While we’re navigating dangerously close to wargaming for once, I thought I ought to catch up with the rest of the squadron and post a photo of my painting desk. Well, I say desk but I actually mean a modest painting station, which is really one of those overbed tables they use in hospitals on which the nurse puts your watery food when you’re (usually) too infirm to give a bugger what they feed you or you’re dying. Oddly enough, it was liberated from a store of redundant hospital equipment, though I should point out that it had been clinically cleansed of all bodily fluids. Can’t say the same for it now though. So, here she is in all her glory:

Oh yes, a couple of weeks ago we took Young Henry to the Royal Armouries in Leeds. He was only still long enough for one photo, so here he is doing what he seems to like best. Naturally, I got the labouring job . . . .


Now, while lying awake earlier this morning at stupid o’clock, with my mind ticking over and drifting along seemingly unrelated paths, I wondered when or why other people get the urge to post a blog entry. In my case, it seems to be at times like that, when sleep is evasive, but the mind must have something to do. Not a conscious drive, but more a consequence of the mind wandering around the cerebral equivalent of a demilitarized zone. I know many to whom blogging is as natural as breathing and others who’re dedicated to providing hobby news or updates on projects or games but there appear to be quite a few who are less regular in their posting, even though they keep to an overall theme. Then there’s me who’s been described as being “all over the place”. Well, my blog and all that . . . .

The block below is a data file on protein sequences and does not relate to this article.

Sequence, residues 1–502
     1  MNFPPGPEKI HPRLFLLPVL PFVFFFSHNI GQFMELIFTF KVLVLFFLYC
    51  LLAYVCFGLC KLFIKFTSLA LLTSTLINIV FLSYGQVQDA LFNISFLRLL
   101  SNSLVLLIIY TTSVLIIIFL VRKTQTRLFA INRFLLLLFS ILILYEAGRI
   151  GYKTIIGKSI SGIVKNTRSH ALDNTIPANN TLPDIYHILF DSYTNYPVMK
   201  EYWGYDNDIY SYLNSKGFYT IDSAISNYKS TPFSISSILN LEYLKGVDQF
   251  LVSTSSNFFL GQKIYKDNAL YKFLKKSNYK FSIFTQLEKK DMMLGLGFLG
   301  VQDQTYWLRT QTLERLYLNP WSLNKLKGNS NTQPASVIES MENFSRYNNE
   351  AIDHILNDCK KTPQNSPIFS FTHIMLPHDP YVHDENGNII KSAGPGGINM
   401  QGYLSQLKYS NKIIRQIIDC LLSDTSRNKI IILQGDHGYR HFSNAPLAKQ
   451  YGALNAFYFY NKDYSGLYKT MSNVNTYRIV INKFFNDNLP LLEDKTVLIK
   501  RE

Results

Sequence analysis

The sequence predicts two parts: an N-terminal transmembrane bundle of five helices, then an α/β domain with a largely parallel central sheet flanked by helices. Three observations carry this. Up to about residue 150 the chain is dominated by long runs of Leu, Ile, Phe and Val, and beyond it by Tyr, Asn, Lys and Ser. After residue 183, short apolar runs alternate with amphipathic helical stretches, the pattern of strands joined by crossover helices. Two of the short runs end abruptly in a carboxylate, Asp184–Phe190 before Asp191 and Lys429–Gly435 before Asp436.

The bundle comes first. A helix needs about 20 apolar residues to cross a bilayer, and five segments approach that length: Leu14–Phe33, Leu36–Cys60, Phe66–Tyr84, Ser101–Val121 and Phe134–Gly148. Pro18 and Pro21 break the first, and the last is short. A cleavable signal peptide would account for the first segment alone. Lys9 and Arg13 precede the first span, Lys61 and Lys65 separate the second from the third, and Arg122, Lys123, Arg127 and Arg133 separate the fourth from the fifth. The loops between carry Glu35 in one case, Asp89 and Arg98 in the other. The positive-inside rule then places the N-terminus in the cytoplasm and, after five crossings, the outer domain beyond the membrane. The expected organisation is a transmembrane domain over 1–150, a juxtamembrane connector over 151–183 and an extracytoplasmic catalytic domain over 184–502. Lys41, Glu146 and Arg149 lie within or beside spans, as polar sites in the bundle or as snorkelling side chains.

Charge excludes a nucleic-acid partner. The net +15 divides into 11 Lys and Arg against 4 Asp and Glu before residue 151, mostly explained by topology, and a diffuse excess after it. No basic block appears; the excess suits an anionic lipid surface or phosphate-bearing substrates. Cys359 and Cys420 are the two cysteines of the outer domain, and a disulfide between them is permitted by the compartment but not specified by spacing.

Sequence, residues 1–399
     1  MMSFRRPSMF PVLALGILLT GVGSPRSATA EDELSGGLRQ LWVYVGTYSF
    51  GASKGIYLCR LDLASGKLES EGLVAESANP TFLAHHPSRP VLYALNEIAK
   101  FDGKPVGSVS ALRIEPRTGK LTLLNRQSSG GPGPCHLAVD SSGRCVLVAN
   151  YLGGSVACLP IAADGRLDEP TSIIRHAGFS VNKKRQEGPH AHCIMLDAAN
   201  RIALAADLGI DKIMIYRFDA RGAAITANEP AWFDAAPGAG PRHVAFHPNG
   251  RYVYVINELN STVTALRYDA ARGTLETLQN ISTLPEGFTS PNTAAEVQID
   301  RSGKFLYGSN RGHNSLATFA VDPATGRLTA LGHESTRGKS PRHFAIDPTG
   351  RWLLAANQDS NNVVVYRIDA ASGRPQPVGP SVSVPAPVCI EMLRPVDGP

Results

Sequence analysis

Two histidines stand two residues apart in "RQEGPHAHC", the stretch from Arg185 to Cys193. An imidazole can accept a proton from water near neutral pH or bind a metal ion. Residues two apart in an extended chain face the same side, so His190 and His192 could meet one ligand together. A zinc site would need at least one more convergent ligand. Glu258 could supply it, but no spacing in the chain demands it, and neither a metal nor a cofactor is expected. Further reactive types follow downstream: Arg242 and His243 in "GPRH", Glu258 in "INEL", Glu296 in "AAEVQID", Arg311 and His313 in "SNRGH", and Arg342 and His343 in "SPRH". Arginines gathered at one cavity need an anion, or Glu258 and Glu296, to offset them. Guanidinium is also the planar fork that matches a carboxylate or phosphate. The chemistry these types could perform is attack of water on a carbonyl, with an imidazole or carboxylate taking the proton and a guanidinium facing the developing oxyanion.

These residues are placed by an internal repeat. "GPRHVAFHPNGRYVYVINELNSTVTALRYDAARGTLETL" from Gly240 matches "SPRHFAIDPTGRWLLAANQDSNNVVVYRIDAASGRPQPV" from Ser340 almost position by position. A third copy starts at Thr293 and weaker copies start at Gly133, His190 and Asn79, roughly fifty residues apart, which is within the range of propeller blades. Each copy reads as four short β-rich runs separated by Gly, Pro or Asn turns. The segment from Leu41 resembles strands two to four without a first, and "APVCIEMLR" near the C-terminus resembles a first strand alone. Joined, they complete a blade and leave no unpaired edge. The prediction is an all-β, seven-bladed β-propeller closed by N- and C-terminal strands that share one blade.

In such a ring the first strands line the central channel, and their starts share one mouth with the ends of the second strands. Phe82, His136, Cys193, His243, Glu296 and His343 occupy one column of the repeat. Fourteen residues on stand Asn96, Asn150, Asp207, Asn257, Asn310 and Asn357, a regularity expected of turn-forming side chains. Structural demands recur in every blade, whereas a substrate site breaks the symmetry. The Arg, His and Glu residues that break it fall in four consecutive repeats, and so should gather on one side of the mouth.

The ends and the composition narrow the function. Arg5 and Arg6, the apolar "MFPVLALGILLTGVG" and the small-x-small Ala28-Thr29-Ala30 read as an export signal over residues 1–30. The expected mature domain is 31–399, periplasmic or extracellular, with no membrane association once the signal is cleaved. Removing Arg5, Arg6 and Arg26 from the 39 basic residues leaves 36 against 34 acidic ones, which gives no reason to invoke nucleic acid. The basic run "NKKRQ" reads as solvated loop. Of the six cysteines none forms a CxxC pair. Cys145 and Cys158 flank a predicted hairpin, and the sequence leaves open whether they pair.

The cause of my wakefulness is a consequence of being polite and letting myself be talked into something I didn’t want to do. A week last Saturday night, Chris and I went to an 80th birthday party for a person we barely know, but whose daughter we do know well. To my mind, this is a pretty flimsy excuse for subjecting myself to a period of enforced jollity among people I generally don’t know in a social club which is anything but social and of which I’m not a member. The thought of sitting for hours nursing a fruit juice of some description, making polite conversation with strangers while Chris chatted with her cronies was beyond the pale, so we did the taxi thing so I could imbibe. As such occasions have a habit of doing, the evening turned out to be better than expected, helped along by several pints of Guinness and fortified by rum. The only disappointment was being saddled for a while with the new vicar of – I’d better not say where – who freeloaded several pints of Guinness from is flock and consumed a bin lid full of food from the buffet. There was a lot of Guinness: it was a Catholic club.